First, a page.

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 Chapter 10

Frank Collins

    Swede, at the hotel in Oxford, was unbelievable. As unlikely as Vic was to be taken for an Englishman, the odds on Swede were much greater. However, as he was greeted in the lobby, Vic recalled that Swede’s heritage was, in fact, purely Swedish. His parents had been born in Sweden. He was, in a sense, almost a European. But, on the other hand, no way, negatory!

     Joan couldn’t have passed for an Englishwoman, but, unlike Swede, her mere appearance didn’t call into question everything that England believed in. Vic, embarrassed by the looks of those around them, was drawn into a little parlor in which tea was served. Joan immediately reported, “Vicki called us just before we left. We would have brought her with us, but she likes staying with the professor and his wife, and can hold on a bit longer.”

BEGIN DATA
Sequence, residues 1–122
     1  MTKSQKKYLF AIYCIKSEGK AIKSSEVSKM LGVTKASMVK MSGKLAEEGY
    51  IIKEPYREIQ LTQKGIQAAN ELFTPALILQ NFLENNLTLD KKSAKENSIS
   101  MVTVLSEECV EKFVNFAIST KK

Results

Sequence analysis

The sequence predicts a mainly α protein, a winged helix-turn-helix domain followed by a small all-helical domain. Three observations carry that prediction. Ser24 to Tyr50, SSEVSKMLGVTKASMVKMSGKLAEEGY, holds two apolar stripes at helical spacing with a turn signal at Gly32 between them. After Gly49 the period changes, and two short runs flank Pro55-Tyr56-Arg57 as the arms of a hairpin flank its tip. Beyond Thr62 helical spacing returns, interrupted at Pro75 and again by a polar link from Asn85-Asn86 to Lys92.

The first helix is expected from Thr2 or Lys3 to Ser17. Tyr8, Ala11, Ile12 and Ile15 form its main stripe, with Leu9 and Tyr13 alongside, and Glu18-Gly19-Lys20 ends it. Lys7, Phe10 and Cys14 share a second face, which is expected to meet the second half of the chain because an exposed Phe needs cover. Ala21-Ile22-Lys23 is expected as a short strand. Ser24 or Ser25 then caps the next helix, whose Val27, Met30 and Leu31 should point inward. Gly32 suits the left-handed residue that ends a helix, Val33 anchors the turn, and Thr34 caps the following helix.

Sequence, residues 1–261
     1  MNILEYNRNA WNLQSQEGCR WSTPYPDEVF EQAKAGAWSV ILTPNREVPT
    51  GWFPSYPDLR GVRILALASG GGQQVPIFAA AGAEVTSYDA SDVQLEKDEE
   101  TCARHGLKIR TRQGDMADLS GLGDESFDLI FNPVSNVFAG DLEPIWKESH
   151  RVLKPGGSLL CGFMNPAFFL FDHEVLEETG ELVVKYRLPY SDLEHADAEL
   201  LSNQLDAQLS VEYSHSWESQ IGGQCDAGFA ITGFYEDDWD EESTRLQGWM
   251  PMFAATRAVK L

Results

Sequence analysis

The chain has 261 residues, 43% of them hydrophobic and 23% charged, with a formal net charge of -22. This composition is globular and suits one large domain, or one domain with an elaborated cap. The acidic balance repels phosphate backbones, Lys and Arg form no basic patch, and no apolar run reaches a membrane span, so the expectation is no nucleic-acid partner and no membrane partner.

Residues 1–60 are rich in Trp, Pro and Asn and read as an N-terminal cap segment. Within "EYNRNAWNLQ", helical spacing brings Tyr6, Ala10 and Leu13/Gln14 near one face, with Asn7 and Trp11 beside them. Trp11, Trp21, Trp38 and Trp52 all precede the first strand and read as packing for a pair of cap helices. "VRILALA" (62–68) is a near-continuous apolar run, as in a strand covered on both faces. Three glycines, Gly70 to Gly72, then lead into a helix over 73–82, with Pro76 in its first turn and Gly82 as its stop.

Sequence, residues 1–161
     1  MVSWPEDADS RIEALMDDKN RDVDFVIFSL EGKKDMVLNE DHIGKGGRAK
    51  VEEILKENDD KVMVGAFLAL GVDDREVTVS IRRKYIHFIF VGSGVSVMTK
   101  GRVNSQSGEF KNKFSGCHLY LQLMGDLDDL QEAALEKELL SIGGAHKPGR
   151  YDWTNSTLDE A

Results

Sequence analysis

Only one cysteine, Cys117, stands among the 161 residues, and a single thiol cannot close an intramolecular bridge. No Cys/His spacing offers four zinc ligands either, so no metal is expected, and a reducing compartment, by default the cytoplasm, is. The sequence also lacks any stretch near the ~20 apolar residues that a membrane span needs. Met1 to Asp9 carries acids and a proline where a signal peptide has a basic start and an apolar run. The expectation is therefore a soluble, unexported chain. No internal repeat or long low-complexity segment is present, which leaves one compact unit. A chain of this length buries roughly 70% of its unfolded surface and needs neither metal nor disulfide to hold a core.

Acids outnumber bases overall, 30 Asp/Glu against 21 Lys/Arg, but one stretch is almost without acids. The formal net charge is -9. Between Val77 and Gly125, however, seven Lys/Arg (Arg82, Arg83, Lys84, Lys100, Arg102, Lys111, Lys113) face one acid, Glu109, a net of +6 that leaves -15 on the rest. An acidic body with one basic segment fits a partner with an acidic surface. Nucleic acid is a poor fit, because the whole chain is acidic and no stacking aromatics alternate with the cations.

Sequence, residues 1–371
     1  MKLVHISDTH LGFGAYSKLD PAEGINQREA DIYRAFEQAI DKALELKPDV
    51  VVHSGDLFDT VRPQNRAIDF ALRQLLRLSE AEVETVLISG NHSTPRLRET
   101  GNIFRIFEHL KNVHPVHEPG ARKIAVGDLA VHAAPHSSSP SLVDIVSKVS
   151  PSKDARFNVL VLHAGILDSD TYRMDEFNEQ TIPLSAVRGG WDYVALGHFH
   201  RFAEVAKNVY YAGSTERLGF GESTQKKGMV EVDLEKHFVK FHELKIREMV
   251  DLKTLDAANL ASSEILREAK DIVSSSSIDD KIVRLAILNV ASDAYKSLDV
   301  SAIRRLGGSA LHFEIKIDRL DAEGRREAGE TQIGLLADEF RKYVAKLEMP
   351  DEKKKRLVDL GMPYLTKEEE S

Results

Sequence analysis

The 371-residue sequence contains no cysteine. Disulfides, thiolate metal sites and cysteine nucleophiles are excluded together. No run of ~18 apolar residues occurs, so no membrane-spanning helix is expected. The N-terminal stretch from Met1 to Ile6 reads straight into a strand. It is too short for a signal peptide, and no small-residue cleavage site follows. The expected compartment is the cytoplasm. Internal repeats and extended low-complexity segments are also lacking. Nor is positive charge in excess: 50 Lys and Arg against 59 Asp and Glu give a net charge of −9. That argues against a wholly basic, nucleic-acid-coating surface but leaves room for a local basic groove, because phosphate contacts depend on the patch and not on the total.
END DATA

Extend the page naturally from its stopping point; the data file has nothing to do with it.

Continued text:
“Her mother was causing some problems.”

“But her mother doesn’t know where to find her. Vicki told me about her father’s dismissal, but it’s pretty clear that there’s nothing anyone can do.”

Vic replied, “Then, I’ll get everything ready for her when she does come.”

Swede, temporarily bottled up, burst out, “I was much taken with what you said on the phone, but I couldn’t hear very clearly at times. Tell me more about Elizabeth.”

Vic said a few things, but it was again Joan who asked the probing questions. She then said that they might want to hire Elizabeth, and also that they might be able to get her into America more quickly. Vic replied, “She’s intelligent, well-educated, and attractive, but I’m not sure what jobs she could do for you.”